Off-price retailer Burlington Stores is getting out of the e-commerce business. As with other off-price retailers, the company wants to focus on the store experience.
In a fourth quarter conference call, Burlington CEO Michael O’Sullivan announced the move and detailed some of the company’s digital thought process, saying: “We made the decision recently to wind down our e-commerce operations. This represented about 0.5% of our total sales. In our business, which is a moderate off-price business, the nature of the treasure hunt and the average price point that we operate at means that brick-and-mortar stores have a significant competitive and economic advantage over e-commerce. We intend to focus our energy and resources on driving profitable sales growth in our brick-and-mortar stores. We will also continue to aggressively expand and upgrade this store network through our new store opening and remodel programs.”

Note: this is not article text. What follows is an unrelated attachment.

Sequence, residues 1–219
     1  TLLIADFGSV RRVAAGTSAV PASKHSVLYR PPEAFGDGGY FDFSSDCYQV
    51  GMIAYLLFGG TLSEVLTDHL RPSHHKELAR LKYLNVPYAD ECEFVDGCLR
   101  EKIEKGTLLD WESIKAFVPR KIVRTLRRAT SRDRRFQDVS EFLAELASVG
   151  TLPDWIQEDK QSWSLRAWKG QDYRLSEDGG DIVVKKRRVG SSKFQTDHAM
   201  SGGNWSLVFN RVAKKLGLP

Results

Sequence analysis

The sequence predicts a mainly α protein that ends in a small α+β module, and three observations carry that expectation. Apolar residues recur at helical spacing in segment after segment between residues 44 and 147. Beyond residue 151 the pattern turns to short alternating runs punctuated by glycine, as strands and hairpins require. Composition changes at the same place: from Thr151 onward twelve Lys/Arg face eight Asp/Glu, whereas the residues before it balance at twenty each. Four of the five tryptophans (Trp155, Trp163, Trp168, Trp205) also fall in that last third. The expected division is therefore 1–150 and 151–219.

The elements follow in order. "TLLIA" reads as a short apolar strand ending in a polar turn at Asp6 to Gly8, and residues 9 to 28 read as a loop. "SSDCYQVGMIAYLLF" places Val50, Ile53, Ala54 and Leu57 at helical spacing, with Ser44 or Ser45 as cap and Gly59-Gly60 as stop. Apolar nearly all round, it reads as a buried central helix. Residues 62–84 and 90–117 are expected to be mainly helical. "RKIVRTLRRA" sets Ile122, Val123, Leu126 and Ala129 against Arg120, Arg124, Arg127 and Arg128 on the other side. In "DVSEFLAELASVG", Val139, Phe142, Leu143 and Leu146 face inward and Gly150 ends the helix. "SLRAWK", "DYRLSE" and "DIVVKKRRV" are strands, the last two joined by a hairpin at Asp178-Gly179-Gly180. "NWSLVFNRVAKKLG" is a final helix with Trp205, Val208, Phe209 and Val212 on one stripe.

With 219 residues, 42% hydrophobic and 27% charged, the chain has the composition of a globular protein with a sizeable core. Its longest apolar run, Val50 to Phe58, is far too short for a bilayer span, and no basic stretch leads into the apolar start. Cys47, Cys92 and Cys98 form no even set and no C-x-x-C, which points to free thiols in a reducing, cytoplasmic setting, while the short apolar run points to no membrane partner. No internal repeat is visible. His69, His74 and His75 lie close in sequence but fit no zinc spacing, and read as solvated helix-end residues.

O’Sullivan went on to say that, with Burlington’s average unit retail at $12, the cost of merchandising, processing, shipping and accepting returns has made it difficult or impossible to turn a profit in the e-commerce business. He added that relevant data demonstrates that moderate off-price retail has continued to grow and gain market share without the need for digital commerce. Not only is it a matter of dollars but also e-commerce hasn’t driven traffic into Burlington stores, so the company will develop other kinds of digital outreach that could have a better, more cost effective all-around effect on the operation. In addition, he said Burlington, as the smallest of the three major off-price retailers with 720 stores in operation, has significant potential for store growth.
In the fourth quarter, Burlington total sales gained 10.5% to $2.2 billion while comparable store sales increased 3.9%. Net income advanced 12% to $206 million, or $3.08 per share.